There’s an interesting discussion on usv.com this week called Where Protocols Come From. Here’s the anchor to the discussion:
Protocols play a vital role in computing, as well as a vast array of our online interactions. The device you’re reading on now has a USB connection; without it, your device couldn’t interoperate with other devices. You’ve probably sent an email to someone in the past hour; without the standard IMAP/SMTP protocol, you wouldn’t be able to send email to people who aren’t on Gmail.
While protocols make interoperability possible, and in fact many are governed by standards bodies, history shows that standards are often imposed by one dominant player. For example, Apple may have quietly invented the new standard for USB. JVC played a large role in the invention of the VHS.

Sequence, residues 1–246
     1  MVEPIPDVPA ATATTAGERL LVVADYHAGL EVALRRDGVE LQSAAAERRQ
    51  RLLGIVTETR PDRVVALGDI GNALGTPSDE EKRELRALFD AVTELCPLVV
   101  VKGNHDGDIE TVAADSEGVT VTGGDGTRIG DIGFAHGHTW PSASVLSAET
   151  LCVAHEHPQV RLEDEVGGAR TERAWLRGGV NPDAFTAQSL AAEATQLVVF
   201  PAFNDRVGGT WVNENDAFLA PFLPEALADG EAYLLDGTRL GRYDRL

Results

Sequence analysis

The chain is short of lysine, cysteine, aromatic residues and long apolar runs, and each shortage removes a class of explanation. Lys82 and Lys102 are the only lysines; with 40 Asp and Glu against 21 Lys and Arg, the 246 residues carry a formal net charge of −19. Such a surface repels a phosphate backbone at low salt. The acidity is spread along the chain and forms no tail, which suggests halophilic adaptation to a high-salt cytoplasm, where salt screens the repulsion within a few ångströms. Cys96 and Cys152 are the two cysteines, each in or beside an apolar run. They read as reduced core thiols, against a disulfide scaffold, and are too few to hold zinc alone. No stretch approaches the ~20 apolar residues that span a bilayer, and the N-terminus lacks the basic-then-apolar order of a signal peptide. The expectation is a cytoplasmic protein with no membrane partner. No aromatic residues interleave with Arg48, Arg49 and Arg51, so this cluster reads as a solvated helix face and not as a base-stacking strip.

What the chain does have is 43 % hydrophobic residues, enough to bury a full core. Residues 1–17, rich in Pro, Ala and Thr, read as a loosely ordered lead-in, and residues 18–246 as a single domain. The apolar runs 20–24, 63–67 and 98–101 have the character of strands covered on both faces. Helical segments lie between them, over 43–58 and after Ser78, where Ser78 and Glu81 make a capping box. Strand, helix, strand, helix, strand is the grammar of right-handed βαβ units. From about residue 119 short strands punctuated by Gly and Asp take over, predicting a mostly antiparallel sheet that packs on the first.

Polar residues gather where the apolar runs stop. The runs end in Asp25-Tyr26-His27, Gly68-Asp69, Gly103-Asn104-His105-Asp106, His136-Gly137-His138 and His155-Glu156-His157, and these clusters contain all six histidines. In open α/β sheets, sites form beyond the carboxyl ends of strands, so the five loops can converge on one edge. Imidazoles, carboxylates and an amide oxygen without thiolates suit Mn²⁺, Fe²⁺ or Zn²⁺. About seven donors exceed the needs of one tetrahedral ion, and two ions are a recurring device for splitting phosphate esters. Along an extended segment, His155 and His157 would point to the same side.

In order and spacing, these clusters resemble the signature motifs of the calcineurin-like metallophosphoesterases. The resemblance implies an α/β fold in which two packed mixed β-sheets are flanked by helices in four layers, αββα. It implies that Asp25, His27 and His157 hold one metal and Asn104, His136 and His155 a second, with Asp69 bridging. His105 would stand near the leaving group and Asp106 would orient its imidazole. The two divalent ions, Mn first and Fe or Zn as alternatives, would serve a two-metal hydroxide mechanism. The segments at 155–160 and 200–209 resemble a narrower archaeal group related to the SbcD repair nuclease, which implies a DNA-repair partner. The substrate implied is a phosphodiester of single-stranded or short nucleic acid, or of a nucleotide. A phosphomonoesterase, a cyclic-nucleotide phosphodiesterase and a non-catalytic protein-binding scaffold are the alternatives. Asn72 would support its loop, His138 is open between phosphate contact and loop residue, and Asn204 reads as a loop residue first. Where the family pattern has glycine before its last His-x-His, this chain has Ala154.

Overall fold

On the software side, the history is a little murkier. Among file formats, Adobe invented the PDF and Apple is largely responsible for the proliferation of MP4. HTTP was invented by a computer scientist and widely adopted without the domineering of any one industry player. Attempts to establish social networking protocols, such as Tent.io, have largely failed. We are, however, beginning to see an uptick in protocols proffered by companies, such as our portfolio company Onename.
This week we’re asking:
Why have hardware protocols been driven by dominant players but not software?
What might it take for a software company to establish a protocol?
What conditions must be met to establish to establish an internet protocol?